|Created by||Sydney Newman
C. E. Webber
|Opening theme||Doctor Who theme music|
|Country of origin||United Kingdom|
|No. of episodes||786 (As of 8 September 2012)|
|Running time||about 25 minutes (1963–1984, 1986–1989)
about 45 minutes (1985, 2005–now)
also other lengths
|Original channel||BBC One|
|Original run||Original Series:
23 November 1963 – 6 December 1989
12 May 1966
26 March 2005 – now
|Related shows||K-9 and Company
The Sarah Jane Adventures
Doctor Who is a British science fiction television series. The series is about an alien time-traveller known as "the Doctor". In his space-and-time-ship, the TARDIS, the Doctor and his companions travel through space and time.
The television series ran from 1963–1989 and started running again in 2005 It is the oldest and the longest running science fiction television series in the world.
There were also two Doctor Who movies made in the 1960s Peter Cushing played the Doctor in these movies. In 1996, there was a television movie starring Paul McGann. There have also been many Doctor Who books, comics, etc.
The story is about a man who calls himself "The Doctor". He travels in his space-time-ship TARDIS ("Time And Relative Dimension In Space"), with which he can go anywhere in time and space. Because of an error in its chameleon circuit, the outside of the TARDIS always looks like a 1960s-style British police box (similar to a blue telephone box), but on the inside the TARDIS is much bigger.
The Doctor is an alien, a Time Lord from the planet Gallifrey. At first he traveled only with his granddaughter Susan Foreman. Later the Doctor took other people with him, who are usually called "companions" or "assistants". The Doctor and his companions travel through space and time, have a lot of adventures, and often save many people.
An often made mistake is the name of the Doctor: Many people think that the main character is named "Doctor Who" like the series, but the character is just named "The Doctor".
Doctor Who was first shown in 1963. William Hartnell played the First Doctor. The series went on with different actors as The Doctor. The 2005 restart is currently on the Eleventh Doctor. In 1989, the series stopped. A television movie, also called Doctor Who, was made in 1996. Actor Paul McGann played the Eighth Doctor, who had regenerated from the Seventh Doctor in the beginning of the movie. In 2005, the show started again, with Christopher Eccleston as the Ninth Doctor. In the Guinness World Records, Doctor Who is listed as the longest running science fiction television series in the world.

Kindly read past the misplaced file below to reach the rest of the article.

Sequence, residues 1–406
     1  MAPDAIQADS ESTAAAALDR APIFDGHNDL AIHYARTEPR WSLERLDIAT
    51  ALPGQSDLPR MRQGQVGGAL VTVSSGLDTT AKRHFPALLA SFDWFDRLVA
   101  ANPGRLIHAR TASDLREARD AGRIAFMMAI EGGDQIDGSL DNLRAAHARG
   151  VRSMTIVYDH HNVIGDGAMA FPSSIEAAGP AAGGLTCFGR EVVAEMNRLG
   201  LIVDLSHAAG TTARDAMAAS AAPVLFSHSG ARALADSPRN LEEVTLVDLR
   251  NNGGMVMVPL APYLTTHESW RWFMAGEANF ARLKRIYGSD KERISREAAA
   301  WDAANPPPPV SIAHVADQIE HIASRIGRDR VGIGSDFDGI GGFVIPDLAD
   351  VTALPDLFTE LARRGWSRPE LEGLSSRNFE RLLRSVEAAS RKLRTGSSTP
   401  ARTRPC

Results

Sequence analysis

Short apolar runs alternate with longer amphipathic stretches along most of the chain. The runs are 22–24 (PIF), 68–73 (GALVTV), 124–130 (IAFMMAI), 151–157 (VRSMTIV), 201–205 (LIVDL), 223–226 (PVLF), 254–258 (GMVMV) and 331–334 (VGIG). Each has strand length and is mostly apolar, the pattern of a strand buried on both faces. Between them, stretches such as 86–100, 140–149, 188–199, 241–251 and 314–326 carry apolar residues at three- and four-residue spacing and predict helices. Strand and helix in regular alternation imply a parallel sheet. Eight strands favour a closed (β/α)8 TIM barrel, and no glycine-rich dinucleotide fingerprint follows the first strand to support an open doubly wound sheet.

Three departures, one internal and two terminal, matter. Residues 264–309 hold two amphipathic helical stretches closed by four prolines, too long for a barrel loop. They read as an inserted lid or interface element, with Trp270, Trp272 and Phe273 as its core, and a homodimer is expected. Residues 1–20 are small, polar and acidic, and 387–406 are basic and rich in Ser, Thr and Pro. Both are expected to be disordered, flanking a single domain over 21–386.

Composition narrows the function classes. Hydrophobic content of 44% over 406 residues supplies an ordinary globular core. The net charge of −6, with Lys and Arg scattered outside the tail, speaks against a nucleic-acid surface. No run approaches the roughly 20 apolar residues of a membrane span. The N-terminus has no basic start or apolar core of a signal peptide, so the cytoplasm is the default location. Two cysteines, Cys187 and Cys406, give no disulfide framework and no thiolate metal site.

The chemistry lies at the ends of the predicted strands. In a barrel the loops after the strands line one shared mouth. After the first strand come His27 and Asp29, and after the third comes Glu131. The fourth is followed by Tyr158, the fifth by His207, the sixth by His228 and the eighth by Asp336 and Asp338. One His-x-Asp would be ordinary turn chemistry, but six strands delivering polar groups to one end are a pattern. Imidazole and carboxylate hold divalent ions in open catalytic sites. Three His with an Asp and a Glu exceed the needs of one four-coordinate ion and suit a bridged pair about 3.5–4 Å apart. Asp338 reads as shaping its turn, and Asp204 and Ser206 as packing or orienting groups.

The Doctor is the central character of Doctor Who. He is an alien, a Time Lord from the planet Gallifrey. The Doctor often takes other people with him, who are usually called "companions" or "assistants". They are most often human; the most recent companion was Clara Oswald.
As a Gallifreyan, The Doctor looks like a human on the surface, but there are differences. One well-known difference is that he has two hearts. As a Time Lord, The Doctor can also regenerate, if his body is badly hurt and he dies. During the regeneration, the body is healed and renewed, which includes a different appearance and personality. The regenerated person is the same person, with the same memories and basic personality traits; but the person also looks different and a changed personality. Because of this the Doctor could be played by different actors. This made it possible for the series to be filmed over a time of fifty years without having to actually "change" the character.
Incarnations and Actors of the Doctor[change]
Up until now, the Doctor has regenerated ten times, and each "incarnation" was played by a different actor.
- First Doctor - William Hartnell (1963–1966)
- Second Doctor - Patrick Troughton (1966–1969, 1983)
- Third Doctor - Jon Pertwee (1970–1974, 1983)
- Fourth Doctor - Tom Baker (1974–1981, 1983)
- Fifth Doctor - Peter Davison (1982–1984)
- Sixth Doctor - Colin Baker (1984–1986)
- Seventh Doctor - Sylvester McCoy (1987–1996)
- Eighth Doctor - Paul McGann (1996-2005)
- Ninth Doctor - Christopher Eccleston (2005)
- Tenth Doctor - David Tennant (2005–2010)
- Eleventh Doctor - Matt Smith (2010-present)
The Doctor has been played by 11 actors in other media: theatre plays, parodies, etc. These are not officially part of the Doctor Who story. The films Dr.Who & the Daleks and Daleks' Invasion Earth 2150 A.D. star Peter Cushing as a human scientist named Doctor Who. Shortly after it was announced that the series would return from its nineties hiatus, Richard E. Grant voiced The Doctor in an animated serial. The BBC issued press releases identifying Grant as the "ninth Doctor" but this was later disregarded by the revived BBC television series.